Mrs Thabang Charlotte Mampane, Commissioner of the National Lotteries Commission, writes:
On 5 October 2018, an article titled “School Built with R28M Lotto Funds Falls to Pieces” by the journalist Raymond Joseph was published on various platforms, including Times and Dispatch Live, and the Limpopo Mirror/Zoutnet stable.
The article seemed to suggest that nothing is/was done by the NLC in response to the concerns identified at the Vhafamadi Secondary School in Vuwani, a school which had been rebuilt with NLC funding after it was damaged in the riots of 2016.
We state for the record that an enquiry was received from Mr Joseph, and that he was furnished with full information regarding the interventions of the NLC at Vhafamadi, including:
• That the NLC has appointed an independent engineering firm to investigate concerns and assess the building;
• The outcomes of the report from the independent engineers; and
• That remedial work has been undertaken on the building.
We also note with concern the context of the reporting which remains unbalanced, and implore you as editors to impress the importance of fairness in reporting on the journalists you work with.
A delegation from the NLC will visit the school on Tuesday, 9 October 2018 at 10:00 to inspect the remedial work being undertaken. We would like to extend an invitation to you to join us in this engagement with our stakeholders in Vuwani.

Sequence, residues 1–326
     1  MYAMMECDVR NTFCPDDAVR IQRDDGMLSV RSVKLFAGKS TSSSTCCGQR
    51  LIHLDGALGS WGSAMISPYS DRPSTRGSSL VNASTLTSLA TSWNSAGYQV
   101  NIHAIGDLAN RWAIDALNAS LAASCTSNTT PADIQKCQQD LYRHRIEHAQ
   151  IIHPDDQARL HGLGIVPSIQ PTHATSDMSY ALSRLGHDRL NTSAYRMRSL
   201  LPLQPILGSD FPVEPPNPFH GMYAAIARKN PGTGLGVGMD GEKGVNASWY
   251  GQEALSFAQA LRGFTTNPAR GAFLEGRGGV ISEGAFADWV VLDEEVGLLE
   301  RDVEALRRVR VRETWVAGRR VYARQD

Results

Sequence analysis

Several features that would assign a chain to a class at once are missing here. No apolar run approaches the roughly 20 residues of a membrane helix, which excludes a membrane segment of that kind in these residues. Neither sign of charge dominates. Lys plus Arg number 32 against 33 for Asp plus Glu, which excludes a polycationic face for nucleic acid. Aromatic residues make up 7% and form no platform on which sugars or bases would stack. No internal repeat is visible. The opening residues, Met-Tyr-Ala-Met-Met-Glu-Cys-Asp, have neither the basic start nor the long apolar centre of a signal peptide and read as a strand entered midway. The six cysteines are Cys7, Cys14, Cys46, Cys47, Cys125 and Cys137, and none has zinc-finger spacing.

Dear Ms Mampane. You speak about unbalanced reporting but fail to mention in what manner the report was not balanced. The article quotes the NLC’s Mr Tsietsi Maselwa where he states: “The NLC … subsequently appointed an engineering company which has assessed the extent of the challenges and compiled a report for consideration by the NLC…” None of what you stated above was omitted from the article. Also, given an opportunity to state that remedial work had since been done, you spoke instead about the appointment of an engineering company that had compiled a report.
It is also strange that the NLC is planning a site visit a few days after the articles had been published, even though the problems have existed for some time.
However, you fail to address any of the other very serious issues raised in the article. The questions that come to mind are “Why did the NLC channel R28,3 million through a small NPO with no experience in the construction industry?” or “Why does the official beneficiary of the grant have no knowledge of the project and denies being involved in any of the processes?”
Why will the NLC not lift the veil on who was responsible for the construction work and, instead, say a PAIA request should be sent? Should the NLC not have answered questions such as who the companies involved in the project are? Why the secrecy?
Perhaps we are from the “old school”, believing fairness is something also owed to the communities where the NLC funds projects. Such fairness may imply transparency and accountability, ironically enough the very words used in the Lotteries Act when describing how the Commission should conduct its business.